When Renee works from the RACQ LifeFlight Rescue helicopter, she does ten-hour days or fourteen-hour nights. The day shifts start with the morning checks. “We meet with the critical care doctor and check our medical and aviation equipment. That includes the medical bags, oxygen levels, blood, helmets and harnesses that need to be ready to go,” Renee says.
“Then we do an aviation brief with the pilot and the medical crew. We discuss key risks for the day such as fatigue management, concerns, weather, and the implications this may have on tasking. Then we go through the emergency briefing,” Renee says. “Having this brief is important to us as a crew. It institutes communication lines and joins us as a team. It makes everyone aware of each other and gives us a space to discuss any current issues and recent mission debrief points.”
Most day shifts are very busy in South East Queensland, Renee says. “We are usually out straight away, and usually we're out all day.” Night shifts can be fatiguing, like all shift work, when the team is busy. “But it’s absolutely incredible flying at night,” Renee says.
Rescuing people in Southeast Queensland
Renee flies around in an Agusta Westland AW139, a helicopter well suited for retrievals. It is a spacious aircraft with exceptional operational capabilities. “From Brisbane, we can go up to Gladstone, which is up to two hours one way, or about 550 kilometres, until we need to refuel. Or out to Roma, to the west,” Renee says.
“But we usually cover the southeast corner and fly to places like Bundaberg or Hervey Bay, Kingaroy or Toowoomba,” Renee says. “We could be going to someone with a heart attack or to a car crash. You can’t predict it and that’s what I love about this job; it tests you on all levels.”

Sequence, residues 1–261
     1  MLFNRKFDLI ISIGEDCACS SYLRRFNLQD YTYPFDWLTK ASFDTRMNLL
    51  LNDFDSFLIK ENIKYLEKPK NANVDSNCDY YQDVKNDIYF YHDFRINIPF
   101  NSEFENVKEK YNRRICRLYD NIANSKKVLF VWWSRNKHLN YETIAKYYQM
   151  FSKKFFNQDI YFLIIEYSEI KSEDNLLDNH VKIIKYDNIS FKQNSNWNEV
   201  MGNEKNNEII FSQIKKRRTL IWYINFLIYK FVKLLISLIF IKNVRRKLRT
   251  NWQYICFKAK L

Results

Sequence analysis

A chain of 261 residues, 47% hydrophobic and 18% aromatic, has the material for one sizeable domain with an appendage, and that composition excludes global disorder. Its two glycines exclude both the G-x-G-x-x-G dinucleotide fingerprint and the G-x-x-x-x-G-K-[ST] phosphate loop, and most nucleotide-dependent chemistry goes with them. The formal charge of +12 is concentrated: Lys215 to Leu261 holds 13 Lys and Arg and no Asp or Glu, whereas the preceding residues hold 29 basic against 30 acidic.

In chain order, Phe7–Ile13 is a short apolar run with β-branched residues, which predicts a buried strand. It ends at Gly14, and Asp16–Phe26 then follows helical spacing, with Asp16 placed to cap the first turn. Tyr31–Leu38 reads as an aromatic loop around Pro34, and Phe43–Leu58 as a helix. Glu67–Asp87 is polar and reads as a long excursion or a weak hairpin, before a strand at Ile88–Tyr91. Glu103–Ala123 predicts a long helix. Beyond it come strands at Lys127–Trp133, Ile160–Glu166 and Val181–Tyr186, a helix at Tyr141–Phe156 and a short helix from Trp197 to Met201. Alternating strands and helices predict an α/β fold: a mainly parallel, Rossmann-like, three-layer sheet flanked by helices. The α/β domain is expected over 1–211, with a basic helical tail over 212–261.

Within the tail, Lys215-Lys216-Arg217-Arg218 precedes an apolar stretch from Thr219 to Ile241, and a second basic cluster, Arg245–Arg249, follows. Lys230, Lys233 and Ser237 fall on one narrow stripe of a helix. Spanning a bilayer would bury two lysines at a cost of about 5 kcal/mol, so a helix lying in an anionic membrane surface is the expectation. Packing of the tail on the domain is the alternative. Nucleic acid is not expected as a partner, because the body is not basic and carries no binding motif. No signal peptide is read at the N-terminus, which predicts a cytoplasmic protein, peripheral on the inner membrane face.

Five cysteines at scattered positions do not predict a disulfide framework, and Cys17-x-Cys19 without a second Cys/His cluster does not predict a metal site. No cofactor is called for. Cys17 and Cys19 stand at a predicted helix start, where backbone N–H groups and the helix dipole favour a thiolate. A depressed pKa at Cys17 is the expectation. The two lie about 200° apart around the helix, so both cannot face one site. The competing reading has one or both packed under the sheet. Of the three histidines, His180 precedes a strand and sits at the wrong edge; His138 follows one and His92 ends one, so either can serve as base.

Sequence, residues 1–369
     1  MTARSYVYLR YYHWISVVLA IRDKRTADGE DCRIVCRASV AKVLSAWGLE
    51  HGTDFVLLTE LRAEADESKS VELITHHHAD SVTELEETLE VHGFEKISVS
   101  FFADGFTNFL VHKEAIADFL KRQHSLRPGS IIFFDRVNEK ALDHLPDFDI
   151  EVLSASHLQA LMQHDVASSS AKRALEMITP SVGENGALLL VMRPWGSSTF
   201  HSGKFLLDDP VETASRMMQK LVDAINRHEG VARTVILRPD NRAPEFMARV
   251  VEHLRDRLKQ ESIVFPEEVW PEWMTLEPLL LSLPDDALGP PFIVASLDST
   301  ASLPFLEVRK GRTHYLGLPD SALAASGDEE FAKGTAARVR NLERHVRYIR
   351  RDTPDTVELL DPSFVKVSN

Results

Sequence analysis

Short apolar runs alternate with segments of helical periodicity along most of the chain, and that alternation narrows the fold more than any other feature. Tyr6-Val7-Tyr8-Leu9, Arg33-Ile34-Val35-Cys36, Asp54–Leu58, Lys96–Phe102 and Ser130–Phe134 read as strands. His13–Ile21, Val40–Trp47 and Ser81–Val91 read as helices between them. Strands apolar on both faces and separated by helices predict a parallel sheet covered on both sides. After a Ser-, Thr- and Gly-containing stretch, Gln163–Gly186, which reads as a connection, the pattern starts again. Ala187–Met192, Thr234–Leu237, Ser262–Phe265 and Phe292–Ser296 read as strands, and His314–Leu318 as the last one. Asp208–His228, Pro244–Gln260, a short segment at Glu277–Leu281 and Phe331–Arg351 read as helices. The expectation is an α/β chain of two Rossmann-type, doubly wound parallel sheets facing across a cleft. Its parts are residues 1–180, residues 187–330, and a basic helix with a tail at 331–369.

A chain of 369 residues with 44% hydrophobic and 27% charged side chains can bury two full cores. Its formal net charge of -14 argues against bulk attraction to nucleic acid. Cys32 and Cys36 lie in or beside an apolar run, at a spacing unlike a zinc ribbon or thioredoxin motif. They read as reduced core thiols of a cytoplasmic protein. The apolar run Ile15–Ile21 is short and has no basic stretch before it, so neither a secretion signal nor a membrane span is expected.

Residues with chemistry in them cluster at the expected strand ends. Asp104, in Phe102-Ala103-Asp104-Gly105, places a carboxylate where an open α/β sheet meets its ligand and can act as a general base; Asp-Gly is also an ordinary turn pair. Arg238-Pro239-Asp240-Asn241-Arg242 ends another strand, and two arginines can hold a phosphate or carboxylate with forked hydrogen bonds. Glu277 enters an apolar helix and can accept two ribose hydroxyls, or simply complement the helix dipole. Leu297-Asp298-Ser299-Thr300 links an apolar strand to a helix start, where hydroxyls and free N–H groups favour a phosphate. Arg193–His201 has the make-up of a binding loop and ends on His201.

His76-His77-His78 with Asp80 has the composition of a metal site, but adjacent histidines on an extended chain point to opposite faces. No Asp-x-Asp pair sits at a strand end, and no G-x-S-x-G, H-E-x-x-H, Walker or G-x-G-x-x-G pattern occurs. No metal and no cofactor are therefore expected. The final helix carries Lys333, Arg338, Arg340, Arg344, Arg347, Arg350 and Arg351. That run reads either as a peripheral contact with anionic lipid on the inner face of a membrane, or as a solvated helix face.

Full-time work and part-time study
While Renee was working towards her Graduate Certificate of Aeromedical Retrieval she was working full time for LifeFlight. “I had to make time, block time off and be really organized,” Renee says. But she was also grateful that LifeFlight supported her studies. “I could rotate my shifts around exam time. My work was really flexible.”
Renee kept on studying after that, adding a Master of Public Health to her resume. “It was really interesting studying about pandemics whilst we were going through one,” she says. “The entire course taught me so much, with so many transferrable skills.”
Plans for the rest of 2022
With two days per week on the helicopter and three days doing clinical governance, Renee says she is going to be very busy for the rest of the year. However, being a bit of a self-proclaimed workaholic, she is considering doing her Master of Business Administration (MBA) as well.
“After 7 years in this job and moving hundreds of patients around the state, I still feel incredibility privileged to have this job and to be able to provide the service we do,” Renee says.
How to get a Graduate Certificate of Aeromedical Retrieval
People who are interested in learning more about aeromedical retrieval need a Bachelor’s degree in a relevant health profession as well as a significant amount of relevant postgraduate experience.